Question #5256c

1 Answer
Nov 2, 2015

Answer:

#"KMnO"_4#

Explanation:

Potassium permanganate is an ionic compound, which means that it will contain a cation, or positively charged ion, and an anion, or negatively charged ion.

You know that potassium, which is the cation, since it's used first in the name of the compound, is #"K"^(+)#.

But what about permanganate?

The starting point here is the suffix -ate, which is given to oxyanions, i.e .anions that contain oxygen atoms.

The maganate ion, or #"MnO"_4^(2-)#, is an oxyanion that contains manganese in the #color(blue)(+6)# oxidation state.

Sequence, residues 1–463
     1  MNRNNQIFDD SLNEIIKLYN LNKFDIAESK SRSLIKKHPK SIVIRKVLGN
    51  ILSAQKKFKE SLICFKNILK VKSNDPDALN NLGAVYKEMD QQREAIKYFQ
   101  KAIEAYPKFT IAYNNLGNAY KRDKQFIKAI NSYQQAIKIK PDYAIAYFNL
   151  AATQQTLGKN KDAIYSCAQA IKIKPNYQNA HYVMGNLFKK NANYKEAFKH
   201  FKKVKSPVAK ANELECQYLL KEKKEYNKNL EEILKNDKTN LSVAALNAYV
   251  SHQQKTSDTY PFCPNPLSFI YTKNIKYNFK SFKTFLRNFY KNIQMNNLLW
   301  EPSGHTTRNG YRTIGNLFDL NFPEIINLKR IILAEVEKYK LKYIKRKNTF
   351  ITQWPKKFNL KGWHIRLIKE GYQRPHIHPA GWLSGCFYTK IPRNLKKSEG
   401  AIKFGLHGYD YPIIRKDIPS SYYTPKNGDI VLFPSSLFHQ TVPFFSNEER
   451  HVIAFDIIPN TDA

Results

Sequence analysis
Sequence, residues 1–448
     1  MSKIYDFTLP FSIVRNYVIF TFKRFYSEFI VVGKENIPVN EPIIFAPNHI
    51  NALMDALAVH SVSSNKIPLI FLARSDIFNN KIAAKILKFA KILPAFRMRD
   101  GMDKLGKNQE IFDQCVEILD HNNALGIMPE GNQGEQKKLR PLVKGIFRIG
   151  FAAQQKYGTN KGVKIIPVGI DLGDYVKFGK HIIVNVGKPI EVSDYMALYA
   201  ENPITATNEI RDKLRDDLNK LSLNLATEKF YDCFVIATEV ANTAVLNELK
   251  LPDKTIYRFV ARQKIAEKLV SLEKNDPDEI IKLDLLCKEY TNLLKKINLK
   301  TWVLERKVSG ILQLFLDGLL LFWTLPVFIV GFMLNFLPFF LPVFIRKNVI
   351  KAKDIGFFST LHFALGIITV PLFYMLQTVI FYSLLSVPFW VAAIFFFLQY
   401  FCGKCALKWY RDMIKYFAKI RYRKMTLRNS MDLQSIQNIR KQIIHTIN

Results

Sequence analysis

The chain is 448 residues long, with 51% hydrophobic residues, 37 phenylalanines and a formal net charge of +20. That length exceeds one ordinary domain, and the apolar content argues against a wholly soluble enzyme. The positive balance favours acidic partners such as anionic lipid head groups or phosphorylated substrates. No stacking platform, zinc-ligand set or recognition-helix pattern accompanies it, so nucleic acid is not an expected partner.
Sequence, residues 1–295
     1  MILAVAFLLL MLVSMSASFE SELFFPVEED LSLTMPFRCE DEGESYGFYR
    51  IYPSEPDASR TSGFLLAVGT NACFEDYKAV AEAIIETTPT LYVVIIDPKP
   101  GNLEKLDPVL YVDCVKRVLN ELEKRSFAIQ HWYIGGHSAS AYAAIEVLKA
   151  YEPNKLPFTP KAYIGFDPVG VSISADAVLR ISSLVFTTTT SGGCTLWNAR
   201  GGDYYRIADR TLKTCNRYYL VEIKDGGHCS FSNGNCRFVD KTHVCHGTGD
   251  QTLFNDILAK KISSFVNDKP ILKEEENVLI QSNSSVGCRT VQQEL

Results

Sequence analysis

Now, the prefix per- is used to show that an oxyanion contains more oxygen atoms per unit of charge than the version that simply ends in -ate.

In this case, the permanganate anion would be #"MnO"_4^(-)#. Here manganese is in the #color(blue)(+7)# oxidation state. Despite the fact that you still get #4# oxygen atoms, the charge of the anion is now #1-#, which means that you have moer oxygen atoms per unit of charge than in the manganate anion.

Therefore, the chemical formula for potassium permanganate is #"KMnO"_4#.